Jas Charanjiva is a prolific graphic artiste based out of Mumbai. She has had her work published in magazines and independently all over the world. Now as one of the owners of India’s premium artiste-friendly lifestyle product company – Kulture Shop – she intends to put India on the global street-art map. StageCulture was fortunate to get an account of her life as an artiste, and about what drives her.
What sparked off your interest in art?
“I got my first pro skateboard at the age of 12. It had really cool deck art. My favourite skater magazine, Thrasher featured provocative underground artistes, with a rebellious streak. They were my introduction to the world of underground art. Much of my interest in design and art style drew inspiration from it.
Also living near San Francisco, I’d see street art ranging from basic tagging to expansive Mexican murals. Pieces of art in narrow alleys. Things done without permission, when no one was looking – that excited me. I was always a bit of a rebel, I suppose. I liked that this was art too. With no commercial aspect to it. It was there just for the love of it.”
What got you started?
“I was 23. An independent record store used to let artists paint the window displays with album covers every few weeks. One Sunday, I saw people from the ‘Church of John Coltrane’ on the street outside. I wished that I could paint something that could get some kind of a message across to them. I’ve always been all about change. Painting an album cover didn’t mean anything anymore. That was my turning point. I shifted to New York. Created a huge mural of Erykah Badu’s side profile, and wrote, ‘When will there be peace?’ under her chin. Left it for the next tenant of the building. This was me, trying to affect change through art.”
And then you moved to India?
“Yes! I opened up a studio in Hyderabad, and started painting murals. Within 3 years my husband and I decided to move to Mumbai.”
What was it like to integrate within the artistic community of a new city?
“Amazing! The very first day things started rolling. I noticed there was a public wall I could paint. Went back with my own supplies. The manager of the gallery nearby let me know that the owner had instructed her to give me my own 6ft by 8ft canvas to paint on. They shot footage of the progress. I posted some pictures on Facebook, and instantly got a call from a national paper who wanted to do a story on the painting – which I’d decided was going to be on the Taliban. In Mumbai things just started happening.”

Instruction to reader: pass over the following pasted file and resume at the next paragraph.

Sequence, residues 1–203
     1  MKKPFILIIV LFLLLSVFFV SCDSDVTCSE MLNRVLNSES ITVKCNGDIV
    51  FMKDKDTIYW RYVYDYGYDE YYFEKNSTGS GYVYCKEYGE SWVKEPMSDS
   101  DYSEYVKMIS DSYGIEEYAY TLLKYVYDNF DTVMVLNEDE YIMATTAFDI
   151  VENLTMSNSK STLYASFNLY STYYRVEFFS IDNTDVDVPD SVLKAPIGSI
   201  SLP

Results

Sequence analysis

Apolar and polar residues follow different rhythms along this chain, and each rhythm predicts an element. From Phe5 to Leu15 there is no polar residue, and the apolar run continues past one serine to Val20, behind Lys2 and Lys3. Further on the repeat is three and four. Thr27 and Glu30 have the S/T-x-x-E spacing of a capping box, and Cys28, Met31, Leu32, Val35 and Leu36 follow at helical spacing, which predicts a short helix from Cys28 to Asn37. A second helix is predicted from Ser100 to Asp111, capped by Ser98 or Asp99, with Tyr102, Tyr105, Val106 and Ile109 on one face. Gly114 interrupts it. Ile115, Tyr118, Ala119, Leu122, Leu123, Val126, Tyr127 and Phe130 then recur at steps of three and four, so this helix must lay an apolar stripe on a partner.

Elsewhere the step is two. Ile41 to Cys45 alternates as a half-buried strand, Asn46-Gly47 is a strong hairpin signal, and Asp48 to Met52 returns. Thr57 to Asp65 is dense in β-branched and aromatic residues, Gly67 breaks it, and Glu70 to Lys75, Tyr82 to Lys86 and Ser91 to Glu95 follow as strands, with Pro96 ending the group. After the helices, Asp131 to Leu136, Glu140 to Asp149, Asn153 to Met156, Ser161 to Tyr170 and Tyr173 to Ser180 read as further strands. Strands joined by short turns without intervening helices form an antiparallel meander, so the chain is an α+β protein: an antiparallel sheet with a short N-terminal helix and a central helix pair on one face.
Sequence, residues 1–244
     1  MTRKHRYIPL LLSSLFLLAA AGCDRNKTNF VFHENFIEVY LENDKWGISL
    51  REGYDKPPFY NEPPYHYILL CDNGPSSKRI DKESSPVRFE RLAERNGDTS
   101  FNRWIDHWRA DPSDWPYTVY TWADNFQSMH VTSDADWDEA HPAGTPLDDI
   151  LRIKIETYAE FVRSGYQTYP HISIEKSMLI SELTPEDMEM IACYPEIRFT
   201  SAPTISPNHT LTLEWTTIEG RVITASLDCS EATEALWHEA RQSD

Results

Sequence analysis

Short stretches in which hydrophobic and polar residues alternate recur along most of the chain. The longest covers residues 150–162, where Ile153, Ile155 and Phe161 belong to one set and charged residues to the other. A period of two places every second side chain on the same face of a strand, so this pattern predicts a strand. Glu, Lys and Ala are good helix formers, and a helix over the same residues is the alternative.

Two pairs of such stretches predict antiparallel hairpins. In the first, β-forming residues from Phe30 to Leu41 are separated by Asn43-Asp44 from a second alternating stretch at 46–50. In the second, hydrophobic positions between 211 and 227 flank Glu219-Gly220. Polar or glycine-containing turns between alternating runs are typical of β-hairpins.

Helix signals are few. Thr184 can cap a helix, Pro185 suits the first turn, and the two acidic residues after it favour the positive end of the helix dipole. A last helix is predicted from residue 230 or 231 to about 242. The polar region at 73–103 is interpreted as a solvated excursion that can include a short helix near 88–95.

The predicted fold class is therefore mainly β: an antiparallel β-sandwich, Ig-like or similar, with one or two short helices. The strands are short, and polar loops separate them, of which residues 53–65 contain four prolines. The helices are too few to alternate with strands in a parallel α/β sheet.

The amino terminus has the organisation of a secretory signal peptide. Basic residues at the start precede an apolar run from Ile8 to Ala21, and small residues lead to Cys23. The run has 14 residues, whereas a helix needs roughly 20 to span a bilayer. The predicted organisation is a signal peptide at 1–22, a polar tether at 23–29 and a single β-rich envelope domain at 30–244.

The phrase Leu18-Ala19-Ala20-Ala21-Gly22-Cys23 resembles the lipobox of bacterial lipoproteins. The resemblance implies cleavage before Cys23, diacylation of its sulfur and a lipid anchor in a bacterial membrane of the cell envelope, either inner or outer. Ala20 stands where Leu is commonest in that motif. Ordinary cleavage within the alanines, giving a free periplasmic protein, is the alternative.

Working in Mumbai…
“I started doing murals here for businesses and homes. Didn’t mind not getting paid as long as it is my kind of work. I need complete freedom to paint whatever I want without having to worry about a client and their likes. I otherwise start to freeze and get impotent creatively.
I teamed up with underground arts festival, Art Conspiracy. They had me do a lecture on street art all around the world. They also gave me this 800 sq foot empty space. All raw cement and concrete. For ten nights, I’d go in there and paint till 2 am. I met so many creative people. After ten nights we opened it up as a proper show. The same space was made into a gallery after a month.”
Let’s talk Bowie.
“My biggest inspiration has always been Bowie. Have been listening to him since I was 6 years old. Named my studio ‘Life on Mars’. That song really resonates with me.
Bowie’s death came as a huge shock. I spent the night putting up posters inspired by him and his work all over the city. It was a very therapeutic for me, and proved how cathartic art can be.
Did an entire show on him, his work & life in the month of January 2011. Each of my pieces were named after a Bowie song.”
You want to #GetMore of?
“We have fantastic, edgy, experimental artistes in India, who are doing their own thing. We need to shine a light on the good ones – something we at Kulture Shop are trying to do. Artists need to get more freedom to do the work they want, they need to get more support from the government and other artistes.”
Source for all Images: Facebook